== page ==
The Dreamcast had few flaws, but one of them was the choice to only use one analog stick. This meant that third person action games released for the system relied on the sort of auto camera that plagued games of the N64 and Playstation 1 era. Jet Set Radio (AKA Jet Grind Radio) was one such game that had great ideas and slick style, but was held back by bad camera and frustrating control. The new HD re-release that hits Xbox Live and PSN this month manages to fix some of these problems, but not all.
Jet Set Radio is about kids who use their magnetic rollerblades and spray paint to zoom around Tokyo and resist authority by tagging stuff at high speed (Remember kids, vandalism is WRONG in the real world). Players control various stylish raver/taggers who can do cool stunts much like the Tony Hawk games that were so popular in the nineties, but every level has a series of points where players must stop to spray their tag using a graffitti mini-game. Along the way, they must avoid squads of police goons too.
This blend of styles was unusual enough to keep players interested, but the real draw was the art design and the music. The characters and their world were colorful and vibrant, while a cool soundtrack accompanied their adventures. These aspects of the game hold up very well; the music is still great (Although in a retro way now) and the art design is unlike anything else.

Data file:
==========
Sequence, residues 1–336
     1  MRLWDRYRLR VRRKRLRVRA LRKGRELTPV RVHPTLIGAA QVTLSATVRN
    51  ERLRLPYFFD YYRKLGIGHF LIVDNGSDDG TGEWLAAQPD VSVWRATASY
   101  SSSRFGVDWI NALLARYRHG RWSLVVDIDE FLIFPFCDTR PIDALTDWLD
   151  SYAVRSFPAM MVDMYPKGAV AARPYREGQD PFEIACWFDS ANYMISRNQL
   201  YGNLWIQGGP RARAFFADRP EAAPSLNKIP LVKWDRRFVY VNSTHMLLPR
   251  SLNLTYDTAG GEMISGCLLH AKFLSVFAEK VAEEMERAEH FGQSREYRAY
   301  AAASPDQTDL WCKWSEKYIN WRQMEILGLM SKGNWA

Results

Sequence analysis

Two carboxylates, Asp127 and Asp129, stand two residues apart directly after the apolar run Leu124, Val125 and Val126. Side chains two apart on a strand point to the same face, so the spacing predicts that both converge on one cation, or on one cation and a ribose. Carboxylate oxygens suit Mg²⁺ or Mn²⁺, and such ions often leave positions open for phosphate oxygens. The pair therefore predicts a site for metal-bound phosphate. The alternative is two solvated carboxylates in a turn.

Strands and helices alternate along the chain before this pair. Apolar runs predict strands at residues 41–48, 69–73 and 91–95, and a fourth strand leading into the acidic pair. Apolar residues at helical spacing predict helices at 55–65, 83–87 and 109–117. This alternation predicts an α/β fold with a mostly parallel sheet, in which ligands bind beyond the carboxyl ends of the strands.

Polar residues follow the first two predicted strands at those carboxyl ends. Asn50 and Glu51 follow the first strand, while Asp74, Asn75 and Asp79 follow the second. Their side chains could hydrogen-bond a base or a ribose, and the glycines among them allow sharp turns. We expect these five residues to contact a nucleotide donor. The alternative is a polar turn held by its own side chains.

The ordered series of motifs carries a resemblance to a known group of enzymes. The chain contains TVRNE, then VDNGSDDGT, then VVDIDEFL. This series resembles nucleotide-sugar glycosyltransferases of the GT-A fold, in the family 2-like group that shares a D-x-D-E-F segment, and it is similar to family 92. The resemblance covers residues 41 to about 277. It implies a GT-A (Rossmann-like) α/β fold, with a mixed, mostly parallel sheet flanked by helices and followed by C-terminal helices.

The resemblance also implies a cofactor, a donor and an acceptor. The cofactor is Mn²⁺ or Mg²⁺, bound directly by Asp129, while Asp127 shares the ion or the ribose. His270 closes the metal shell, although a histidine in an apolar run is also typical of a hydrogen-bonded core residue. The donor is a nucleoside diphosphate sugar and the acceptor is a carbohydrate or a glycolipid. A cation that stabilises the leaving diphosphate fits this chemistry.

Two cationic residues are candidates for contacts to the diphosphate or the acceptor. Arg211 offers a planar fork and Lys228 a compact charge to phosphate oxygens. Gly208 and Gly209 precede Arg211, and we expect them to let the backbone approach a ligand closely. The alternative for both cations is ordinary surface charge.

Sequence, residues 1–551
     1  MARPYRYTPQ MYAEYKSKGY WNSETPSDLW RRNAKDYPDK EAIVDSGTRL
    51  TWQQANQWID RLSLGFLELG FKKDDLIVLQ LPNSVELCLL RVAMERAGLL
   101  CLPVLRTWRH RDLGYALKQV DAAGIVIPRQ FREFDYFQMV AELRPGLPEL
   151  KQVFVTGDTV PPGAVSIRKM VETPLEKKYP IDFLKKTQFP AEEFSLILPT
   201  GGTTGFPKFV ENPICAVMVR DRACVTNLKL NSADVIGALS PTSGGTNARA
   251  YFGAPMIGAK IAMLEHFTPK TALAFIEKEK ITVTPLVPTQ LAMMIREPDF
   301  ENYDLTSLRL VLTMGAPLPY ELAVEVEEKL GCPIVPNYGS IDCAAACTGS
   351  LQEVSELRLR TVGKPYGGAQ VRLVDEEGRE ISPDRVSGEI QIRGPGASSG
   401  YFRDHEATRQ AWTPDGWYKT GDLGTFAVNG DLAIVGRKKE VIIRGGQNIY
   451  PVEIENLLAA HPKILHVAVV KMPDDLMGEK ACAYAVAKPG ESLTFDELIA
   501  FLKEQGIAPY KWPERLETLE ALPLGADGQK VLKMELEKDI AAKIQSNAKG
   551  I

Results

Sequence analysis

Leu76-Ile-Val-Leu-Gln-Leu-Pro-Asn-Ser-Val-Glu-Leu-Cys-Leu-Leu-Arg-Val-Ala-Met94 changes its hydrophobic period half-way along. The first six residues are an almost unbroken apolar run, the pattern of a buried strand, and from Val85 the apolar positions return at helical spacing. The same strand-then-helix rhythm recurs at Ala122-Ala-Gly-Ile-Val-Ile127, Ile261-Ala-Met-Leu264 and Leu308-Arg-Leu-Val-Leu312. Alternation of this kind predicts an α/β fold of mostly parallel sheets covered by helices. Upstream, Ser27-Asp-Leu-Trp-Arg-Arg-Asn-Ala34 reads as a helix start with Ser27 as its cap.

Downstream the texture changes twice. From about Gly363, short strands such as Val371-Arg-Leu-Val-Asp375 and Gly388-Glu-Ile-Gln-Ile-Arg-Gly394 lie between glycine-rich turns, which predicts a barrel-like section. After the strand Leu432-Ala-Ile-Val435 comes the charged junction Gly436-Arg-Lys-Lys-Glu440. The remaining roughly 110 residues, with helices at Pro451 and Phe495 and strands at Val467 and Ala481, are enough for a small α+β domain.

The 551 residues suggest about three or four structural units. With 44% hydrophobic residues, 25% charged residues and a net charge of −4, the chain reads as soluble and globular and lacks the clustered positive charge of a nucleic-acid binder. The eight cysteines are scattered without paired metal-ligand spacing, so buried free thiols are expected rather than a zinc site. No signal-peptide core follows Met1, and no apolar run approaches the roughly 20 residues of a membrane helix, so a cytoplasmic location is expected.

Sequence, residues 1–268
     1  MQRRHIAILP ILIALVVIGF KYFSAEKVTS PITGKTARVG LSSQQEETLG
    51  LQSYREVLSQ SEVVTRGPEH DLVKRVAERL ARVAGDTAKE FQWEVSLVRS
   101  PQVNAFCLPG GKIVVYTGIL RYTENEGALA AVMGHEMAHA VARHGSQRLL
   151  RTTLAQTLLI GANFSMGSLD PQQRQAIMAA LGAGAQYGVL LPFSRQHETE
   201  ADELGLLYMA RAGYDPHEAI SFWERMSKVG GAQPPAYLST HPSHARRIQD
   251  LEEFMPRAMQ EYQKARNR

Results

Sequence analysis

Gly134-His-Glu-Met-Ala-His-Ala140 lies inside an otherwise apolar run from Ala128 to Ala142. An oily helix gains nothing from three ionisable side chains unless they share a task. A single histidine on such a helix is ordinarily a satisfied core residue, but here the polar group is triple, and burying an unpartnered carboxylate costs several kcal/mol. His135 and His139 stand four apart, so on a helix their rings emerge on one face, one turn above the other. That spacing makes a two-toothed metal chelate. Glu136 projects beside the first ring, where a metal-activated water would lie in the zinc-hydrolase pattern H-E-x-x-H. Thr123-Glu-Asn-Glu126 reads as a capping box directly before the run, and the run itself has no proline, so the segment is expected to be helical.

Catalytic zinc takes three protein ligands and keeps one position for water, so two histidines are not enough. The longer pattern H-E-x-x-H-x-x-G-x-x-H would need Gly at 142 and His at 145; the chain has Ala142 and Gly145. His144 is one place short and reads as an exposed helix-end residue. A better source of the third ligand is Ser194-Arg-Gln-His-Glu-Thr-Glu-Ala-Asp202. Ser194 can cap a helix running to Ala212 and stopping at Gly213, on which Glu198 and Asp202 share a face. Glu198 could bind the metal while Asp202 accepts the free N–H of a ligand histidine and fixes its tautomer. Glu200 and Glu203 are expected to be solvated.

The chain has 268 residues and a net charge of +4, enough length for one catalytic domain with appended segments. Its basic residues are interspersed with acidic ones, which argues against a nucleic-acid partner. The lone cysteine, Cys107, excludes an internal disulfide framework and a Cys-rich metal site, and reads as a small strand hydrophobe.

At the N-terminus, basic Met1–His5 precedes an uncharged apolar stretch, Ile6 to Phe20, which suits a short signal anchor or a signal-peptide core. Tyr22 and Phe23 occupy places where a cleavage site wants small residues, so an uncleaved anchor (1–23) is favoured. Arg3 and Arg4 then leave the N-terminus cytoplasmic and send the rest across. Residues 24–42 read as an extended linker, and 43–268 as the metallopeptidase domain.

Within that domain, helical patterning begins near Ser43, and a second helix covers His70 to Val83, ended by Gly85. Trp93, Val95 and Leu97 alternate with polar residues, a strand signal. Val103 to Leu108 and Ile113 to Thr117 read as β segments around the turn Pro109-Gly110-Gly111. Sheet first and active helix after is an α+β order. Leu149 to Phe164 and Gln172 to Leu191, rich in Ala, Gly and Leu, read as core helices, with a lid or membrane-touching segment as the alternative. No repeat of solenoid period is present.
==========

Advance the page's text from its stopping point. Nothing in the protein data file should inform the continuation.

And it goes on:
However, Jet Set Radio is still twelve years old, and definitely shows its age. Released at a time when cell-shading was a fantastic new concept, and extreme sports were all the rage, its graphics, controls and mechanics are extremely dated. The HD edition puts it in widescreen, and makes it look crisp on our big modern TV’s, but this colorful world is still filled with blocky people made of too few polygons. This was a trade off to have large, populated levels that could still run on the Dreamcast’s hardware.
The second analog stick on modern console controllers is used to control the camera, but the characters can still be very difficult to control when moving in tight spaces. This is a problem when trying to make the character quickly grab a power-up that’s right next to them, or line up a tricky jump without a running start.
Jet Set Radio is also rather hard. Each level has many easy objectives, but they always boil down to a couple of hard-to-reach spots that players will need to reach, all the while avoiding the patrolling enemies that slowly nibble away at the health bar.
Younger gamers who don’t remember the Dreamcast will definitely find this version of Jet Set Radio to be a fascinating window into the past of gaming – and late 90’s culture in general.
Fans of the game from the old days will definitely appreciate playing it again in proper widescreen (And with that wonderful second control stick), but there are a few extras that come with this edition to sweeten the deal.
First, there is a documentary about the game’s development, which features interviews with the designers. On top of that, there are unlockable soundtracks from Jet Set Radio Future, the Xbox-only sequel.
Jet Set Radio HD is available now for Playstation Plus members, and comes out for PlayStation Network on September 18th and Xbox Live on the 19th.